Got to admit, I thought this was about eugenics and culture.
In vitro fertilization (IVF) accounts for up to five percent of babies born in developed countries, and the technique has yielded some five million people ever since Louise Brown was born in the UK on July 25, 1978. And that’s just humans; the technology has been a huge boon in breeding farm animals. Yet there are hints that the procedure can have some unwanted effects on the resultant embryos. One such indication is a skewed sex ratio.
Looks like the fix is just a change in culture medium. It will take some time for this to become mainstream for human IVF. It also looks like (from the abstract) that this extra bath doesn’t harm male embryos in any way, so it won’t require genetic testing of embryos to sort out the girls (extra $$$ and mandatory freeze).
The best part is that this fix will likely increase overall success rates as those female embryos that would have failed instead thrive. Even a small % increase in success means so much to people desperately trying for a child, regardless of gender.
As San Diego’s ViaCyte was in the midst of launching the first FDA-approved embryonic stem (ES) cell clinical trial for diabetes last week, Boston’s Harvard University reported that beta cells from ES cells “cured” diabetic mouse-models.
Both teams worked for years to painstakingly recreate the natural development of pancreatic islet cells— if Harvard took it further in the dish, and ViaCyte took it further to the clinic.
Type II diabetes has a stronger genetic component than Type I. People mistakenly believe that Type I is genetic because it happens in early life, while Type II is late setting. Additionally – sugar does not cause diabetes. Any diet with an unhealthy amount of things that end up as glucose rapidly will do the trick. Sugar is just one of the more readily available substances in the American diet that does. And people can develop Type II diabetes, even with a completely reasonable diet.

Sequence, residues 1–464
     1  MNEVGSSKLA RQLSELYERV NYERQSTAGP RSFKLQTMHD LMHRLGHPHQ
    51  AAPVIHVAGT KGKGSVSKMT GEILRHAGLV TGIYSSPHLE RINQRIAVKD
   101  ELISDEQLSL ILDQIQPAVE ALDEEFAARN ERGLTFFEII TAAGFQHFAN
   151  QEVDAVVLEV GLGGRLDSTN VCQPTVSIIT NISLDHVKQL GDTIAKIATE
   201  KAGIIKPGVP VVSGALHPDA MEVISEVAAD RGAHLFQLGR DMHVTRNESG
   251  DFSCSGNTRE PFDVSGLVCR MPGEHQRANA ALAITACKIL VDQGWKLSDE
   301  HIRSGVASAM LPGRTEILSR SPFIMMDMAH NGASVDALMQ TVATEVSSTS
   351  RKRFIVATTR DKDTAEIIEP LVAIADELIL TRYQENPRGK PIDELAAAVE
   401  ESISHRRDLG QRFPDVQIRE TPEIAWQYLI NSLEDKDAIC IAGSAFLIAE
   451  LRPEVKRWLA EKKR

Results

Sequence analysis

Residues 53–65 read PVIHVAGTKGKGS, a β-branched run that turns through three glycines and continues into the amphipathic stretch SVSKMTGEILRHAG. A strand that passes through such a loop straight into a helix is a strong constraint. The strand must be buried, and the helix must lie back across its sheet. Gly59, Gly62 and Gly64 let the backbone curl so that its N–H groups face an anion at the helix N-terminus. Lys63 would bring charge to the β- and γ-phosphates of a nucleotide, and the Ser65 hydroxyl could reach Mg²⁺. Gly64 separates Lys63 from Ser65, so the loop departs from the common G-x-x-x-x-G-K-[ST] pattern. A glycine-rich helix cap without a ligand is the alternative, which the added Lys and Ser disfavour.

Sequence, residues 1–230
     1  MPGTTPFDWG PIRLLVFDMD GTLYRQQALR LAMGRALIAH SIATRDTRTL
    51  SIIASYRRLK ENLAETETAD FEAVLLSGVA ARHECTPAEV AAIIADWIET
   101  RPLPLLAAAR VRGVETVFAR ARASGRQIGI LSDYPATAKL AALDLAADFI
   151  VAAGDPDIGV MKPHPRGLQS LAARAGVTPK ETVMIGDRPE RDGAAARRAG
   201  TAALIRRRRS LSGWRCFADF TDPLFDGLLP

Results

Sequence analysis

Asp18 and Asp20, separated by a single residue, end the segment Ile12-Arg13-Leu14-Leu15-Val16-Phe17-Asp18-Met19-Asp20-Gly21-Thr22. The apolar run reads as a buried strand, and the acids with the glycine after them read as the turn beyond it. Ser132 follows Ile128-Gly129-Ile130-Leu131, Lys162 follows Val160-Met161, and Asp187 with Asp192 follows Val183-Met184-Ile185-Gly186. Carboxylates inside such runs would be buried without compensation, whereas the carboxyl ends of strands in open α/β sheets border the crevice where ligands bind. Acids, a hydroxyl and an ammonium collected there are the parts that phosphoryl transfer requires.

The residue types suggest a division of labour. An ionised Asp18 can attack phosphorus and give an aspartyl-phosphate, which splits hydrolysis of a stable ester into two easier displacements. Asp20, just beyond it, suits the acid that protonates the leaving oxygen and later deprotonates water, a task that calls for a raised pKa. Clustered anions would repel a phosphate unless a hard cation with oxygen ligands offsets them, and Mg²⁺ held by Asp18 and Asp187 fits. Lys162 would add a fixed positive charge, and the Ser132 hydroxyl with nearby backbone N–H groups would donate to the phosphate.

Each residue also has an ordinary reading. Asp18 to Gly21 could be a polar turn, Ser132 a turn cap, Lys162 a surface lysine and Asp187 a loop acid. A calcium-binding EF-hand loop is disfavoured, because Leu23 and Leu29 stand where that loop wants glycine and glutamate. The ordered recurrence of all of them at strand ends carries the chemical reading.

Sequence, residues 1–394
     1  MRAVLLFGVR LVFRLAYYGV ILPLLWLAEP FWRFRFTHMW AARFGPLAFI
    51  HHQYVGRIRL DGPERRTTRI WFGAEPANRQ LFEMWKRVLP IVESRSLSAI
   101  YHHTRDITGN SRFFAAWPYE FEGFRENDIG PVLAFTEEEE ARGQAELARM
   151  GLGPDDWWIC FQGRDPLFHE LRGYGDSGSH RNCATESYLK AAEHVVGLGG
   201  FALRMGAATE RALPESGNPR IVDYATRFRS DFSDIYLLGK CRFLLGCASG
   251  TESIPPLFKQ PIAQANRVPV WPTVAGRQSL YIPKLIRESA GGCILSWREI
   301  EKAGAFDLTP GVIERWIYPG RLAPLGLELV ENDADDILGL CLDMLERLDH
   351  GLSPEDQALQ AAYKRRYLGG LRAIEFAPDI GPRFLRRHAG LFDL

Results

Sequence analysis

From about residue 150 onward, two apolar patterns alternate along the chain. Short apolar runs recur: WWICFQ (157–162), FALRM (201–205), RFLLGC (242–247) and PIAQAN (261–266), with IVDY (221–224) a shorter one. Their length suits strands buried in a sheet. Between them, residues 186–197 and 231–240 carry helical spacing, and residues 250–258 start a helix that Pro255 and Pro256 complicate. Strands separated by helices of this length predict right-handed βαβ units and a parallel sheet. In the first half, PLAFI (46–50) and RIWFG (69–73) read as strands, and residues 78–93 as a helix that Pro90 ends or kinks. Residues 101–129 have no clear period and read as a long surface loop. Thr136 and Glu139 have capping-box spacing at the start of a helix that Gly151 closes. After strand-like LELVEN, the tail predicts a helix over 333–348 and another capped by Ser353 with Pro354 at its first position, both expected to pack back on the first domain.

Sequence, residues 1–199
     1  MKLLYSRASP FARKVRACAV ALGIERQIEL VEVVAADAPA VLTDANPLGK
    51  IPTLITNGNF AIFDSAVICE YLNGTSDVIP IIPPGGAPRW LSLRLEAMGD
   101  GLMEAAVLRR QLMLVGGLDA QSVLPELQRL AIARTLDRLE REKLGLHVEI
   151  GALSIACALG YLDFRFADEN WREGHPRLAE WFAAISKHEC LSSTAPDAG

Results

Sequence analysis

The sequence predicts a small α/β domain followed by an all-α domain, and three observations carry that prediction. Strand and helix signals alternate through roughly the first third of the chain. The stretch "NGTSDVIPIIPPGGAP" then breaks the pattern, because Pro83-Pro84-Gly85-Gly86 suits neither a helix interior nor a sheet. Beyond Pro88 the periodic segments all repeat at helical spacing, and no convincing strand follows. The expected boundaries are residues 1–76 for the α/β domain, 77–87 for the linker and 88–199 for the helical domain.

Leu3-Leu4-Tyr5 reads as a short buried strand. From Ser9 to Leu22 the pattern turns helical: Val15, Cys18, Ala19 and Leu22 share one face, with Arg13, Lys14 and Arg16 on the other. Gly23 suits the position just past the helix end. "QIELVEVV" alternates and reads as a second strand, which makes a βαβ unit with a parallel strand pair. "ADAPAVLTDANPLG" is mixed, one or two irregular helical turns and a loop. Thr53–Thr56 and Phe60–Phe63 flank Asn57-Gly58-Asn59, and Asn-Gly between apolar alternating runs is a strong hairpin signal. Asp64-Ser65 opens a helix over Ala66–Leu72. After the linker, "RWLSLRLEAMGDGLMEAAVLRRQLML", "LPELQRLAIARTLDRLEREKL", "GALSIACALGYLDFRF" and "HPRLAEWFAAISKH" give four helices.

Eating sugar/carbs has very little to no effect at all in the development of Type I diabetes – it’s an auto-immune disorder. So the question is: how would the therapy work with the autoimmune response? These beta cells will be encapsulated in a polymeric matrix that is porous enough for insulin to pass through freely, but impermeable to immune cells, thus protecting the beta cells from destruction.
This treatment theoretically isn’t much different than islet transplantation (which currently exists – patients are on immunosuppressive therapy). The cool thing about this research is that they found a way to differentiate embryonic stem cells into immature beta cells (which produce insulin) on a large scale. So this will give us more islets for transplant (currently we only use islets from cadaveric donors – dead people) – but this doesn’t do anything to prevent islet rejection. Patients would still need to be on immunosuppressive therapy. What this means is that it doesn’t really practically change things for diabetic patients currently. Until better immunosuppressive drugs are developed, or islets are protected from the immune response (via encapsulation or a device), islet transplantation won’t be a viable option for otherwise healthy diabetics.
It doesn’t affect me, but I can’t help but feel for the people who have to deal with needles more than I do.
A team of Harvard scientists said Thursday that they had finally found a way to turn human embryonic stem cells into cells that produce insulin. The long-sought advance could eventually lead to new ways to help millions of people with diabetes.
Melton and others caution that there’s still a lot more work to do. For one thing, they need to come up with a way to hide the cells from the immune system, especially for people with Type 1 diabetes. But they’re working on that and have developed a shell to protect the cells.
There have also been examples when a procedure was first pioneered with embryonic stem cells, that later was able to be replicated with adult stem cells from the patient themselves. Initial attempts were probably made in part due to religious objections surrounding the use of embryos, but it has happened enough to consider that they might be able to do it here, with the patient’s own cells, so there wouldn’t be much of an issue with rejection.